Vermont once offered a ‘major’ in Congress

The University of Vermont is one of the nation’s smaller flagship state universities, with fewer than 14,000 students. That barely enables UVM to break the top 400 in terms of enrollment among US schools.

So, one might think that the Burlington-based institution would make every effort to play up the role of the school’s significant alumni in our nation’s history. However, a glance at the university’s website shows that either UVM doesn’t fully know its history, or doesn’t seem to care about it.

Under a section titled “History and Traditions,” UVM’s highlights are far and few between, relatively speaking:

  • The school was chartered the same year Vermont became the nation’s 14th state, in 1791;
  • It was established as the fifth college in New England, after Harvard, Yale, Dartmouth and Brown; and
  • The initials UVM stand for the Latin words Universitas Viridis Montis, or University of the Green Mountains. The phrase appears on the university’s official seal as Universitas V. Montis.

In addition, a few other points are emphasized, such as much of the initial funding and planning for the university was undertaken by Ira Allen, who is honored as UVM‘s founder; citizens of Burlington helped fund the university’s first building; and Lafayette laid the cornerstone for the Old Mill which still stands on University Row.

Also, Vermont was the first American college or university with a charter plainly declaring that the “rules, regulations, and by-laws shall not tend to give preference to any religious sect or denomination whatsoever.” In addition, the university was an early advocate of both women’s and African-Americans’ participation in higher education.

So what’s missing? How about the fact that between the classes of 1837 and 1843, no fewer than 10 future Congressmen were graduated from the University of Vermont.

Charles T. Morrissey in his 1981 book Vermont: A History details the remarkable number of public servants turned out by the school during this early stage of the school’s history.

“From around the nation they came to Washington, these Vermonters, and served in the House of Representatives in numbers much beyond much beyond what such a small state might be expected to provide,” Morrissey writes.

These University of Vermont products served not just the Green Mountain State in Congress, but other states near and far, as well.

Dudley Denison (Class of 1840), Frederick Woodbridge (1841) and Worthington Smith (1843) all represented Vermont districts; while William Higby (1840) represented California’s Calaveras County;  John Kasson (1843) represented the district that included Des Moines, Iowa; and Henry Raymond (1840); Robert Hale (1842); and William Wheeler (1842) all represented New York districts.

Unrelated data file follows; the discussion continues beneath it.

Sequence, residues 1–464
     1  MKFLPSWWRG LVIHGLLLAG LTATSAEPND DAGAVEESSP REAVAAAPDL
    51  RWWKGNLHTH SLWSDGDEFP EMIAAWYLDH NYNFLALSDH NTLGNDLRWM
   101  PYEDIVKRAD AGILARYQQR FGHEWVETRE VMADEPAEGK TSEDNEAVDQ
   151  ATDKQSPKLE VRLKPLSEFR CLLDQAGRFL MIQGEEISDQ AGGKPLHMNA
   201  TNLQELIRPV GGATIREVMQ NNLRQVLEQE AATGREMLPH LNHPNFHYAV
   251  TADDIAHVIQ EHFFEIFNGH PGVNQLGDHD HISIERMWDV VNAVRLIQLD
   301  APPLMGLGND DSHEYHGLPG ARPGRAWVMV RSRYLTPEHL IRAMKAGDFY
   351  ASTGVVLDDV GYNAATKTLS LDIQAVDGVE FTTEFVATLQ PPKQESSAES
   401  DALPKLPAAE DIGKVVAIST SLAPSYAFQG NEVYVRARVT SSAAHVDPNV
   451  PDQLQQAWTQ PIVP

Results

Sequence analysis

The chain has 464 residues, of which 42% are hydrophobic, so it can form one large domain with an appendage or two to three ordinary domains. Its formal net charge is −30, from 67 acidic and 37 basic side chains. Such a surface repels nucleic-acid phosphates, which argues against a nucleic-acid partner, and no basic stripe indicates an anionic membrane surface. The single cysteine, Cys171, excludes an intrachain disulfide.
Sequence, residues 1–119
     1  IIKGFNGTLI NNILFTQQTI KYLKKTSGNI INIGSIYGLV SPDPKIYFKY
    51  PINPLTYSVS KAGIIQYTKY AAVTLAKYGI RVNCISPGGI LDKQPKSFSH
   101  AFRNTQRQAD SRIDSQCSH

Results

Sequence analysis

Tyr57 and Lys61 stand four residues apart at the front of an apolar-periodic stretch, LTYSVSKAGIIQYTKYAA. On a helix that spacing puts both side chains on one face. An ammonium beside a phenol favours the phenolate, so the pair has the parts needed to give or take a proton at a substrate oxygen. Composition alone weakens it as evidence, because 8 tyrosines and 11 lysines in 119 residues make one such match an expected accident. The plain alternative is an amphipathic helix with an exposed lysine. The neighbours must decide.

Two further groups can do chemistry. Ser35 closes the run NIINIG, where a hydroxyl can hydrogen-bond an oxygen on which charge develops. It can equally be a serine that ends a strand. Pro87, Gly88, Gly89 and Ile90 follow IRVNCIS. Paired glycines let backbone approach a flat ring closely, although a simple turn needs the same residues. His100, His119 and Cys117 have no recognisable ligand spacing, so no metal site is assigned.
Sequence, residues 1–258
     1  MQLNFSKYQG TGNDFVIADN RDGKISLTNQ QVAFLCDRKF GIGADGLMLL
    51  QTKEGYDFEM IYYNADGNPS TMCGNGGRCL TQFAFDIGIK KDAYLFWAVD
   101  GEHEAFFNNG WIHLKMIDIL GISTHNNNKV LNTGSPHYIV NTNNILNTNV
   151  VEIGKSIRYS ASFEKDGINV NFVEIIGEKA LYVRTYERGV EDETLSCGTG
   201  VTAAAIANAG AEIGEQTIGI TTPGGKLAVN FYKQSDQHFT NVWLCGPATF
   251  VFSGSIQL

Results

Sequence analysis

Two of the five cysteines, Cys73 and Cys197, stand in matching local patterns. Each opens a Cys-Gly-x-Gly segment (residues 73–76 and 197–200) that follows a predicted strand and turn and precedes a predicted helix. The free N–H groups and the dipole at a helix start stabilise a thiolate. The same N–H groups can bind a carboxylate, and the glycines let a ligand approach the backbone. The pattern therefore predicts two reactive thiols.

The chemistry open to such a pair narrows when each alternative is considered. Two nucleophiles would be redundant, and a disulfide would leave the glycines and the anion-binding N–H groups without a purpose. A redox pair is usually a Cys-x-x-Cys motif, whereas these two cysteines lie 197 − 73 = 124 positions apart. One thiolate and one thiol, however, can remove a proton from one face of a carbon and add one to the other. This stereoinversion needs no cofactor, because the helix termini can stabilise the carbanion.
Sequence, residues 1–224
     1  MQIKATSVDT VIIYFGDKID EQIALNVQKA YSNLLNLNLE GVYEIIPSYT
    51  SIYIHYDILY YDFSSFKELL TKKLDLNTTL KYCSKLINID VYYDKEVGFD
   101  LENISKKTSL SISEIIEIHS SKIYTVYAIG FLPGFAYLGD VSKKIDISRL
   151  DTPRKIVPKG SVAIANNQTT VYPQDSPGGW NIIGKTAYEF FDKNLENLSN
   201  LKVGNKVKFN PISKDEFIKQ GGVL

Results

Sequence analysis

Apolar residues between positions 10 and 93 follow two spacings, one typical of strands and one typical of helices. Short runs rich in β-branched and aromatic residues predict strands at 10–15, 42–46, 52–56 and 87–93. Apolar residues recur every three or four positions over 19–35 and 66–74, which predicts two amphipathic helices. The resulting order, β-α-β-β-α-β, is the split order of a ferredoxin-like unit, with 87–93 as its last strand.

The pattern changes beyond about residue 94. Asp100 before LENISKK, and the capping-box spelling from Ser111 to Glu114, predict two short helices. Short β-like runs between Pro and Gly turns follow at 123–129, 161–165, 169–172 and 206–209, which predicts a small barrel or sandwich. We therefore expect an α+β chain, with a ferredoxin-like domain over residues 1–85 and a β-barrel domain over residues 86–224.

Thomas Childs Jr. (1838) was also elected to represent a New York district but illness kept him taking his seat. In addition, Jason Niles (1837) represented a Mississippi District in the 1870s during Reconstruction.

Another UVM product, Orange Ferris, Class of 1838, went on to represent a New York district. However, he didn’t attend the school for all four years. And John G. Smith (1838) went on to be governor of Vermont, while Wheeler also served as vice president under Rutherford B. Hayes.

What makes the above all the more amazing is that the seven classes contained a grand total of 142 degree recipients. That means individuals who enrolled in those seven class had about a one in 13 chance of going on to serve in Congress.

It would be difficult to fathom another school that, during such a short period, turned out as many individuals who would go on to serve their country in public office, particularly one as small as the University of Vermont in the generation before the Civil War.

2 thoughts on “Vermont once offered a ‘major’ in Congress

  1. It’s a fascinating item, but casts no particular credit on Vermont. It was a function of demographics. There was no West in the US, to speak of, then. Thus a small state on the eastern seaboard could wild that sort of disproportionate influence.

  2. I don’t know, Waldo. When you only graduate 142 students over seven classes, and 10 of those go on to be elected to the House of Representatives, I think that’s rather amazing.

    I don’t know how big the House was then in terms of members. If it was substantially smaller, it would make the above even more curious. If it was anywhere near as large as it is now, less so.

    Perhaps one of the keys was the fact that Vermont as a state had so little to offer, relatively speaking, in terms of opportunity compared to other states, that its best and brightest often pulled up and went elsewhere.

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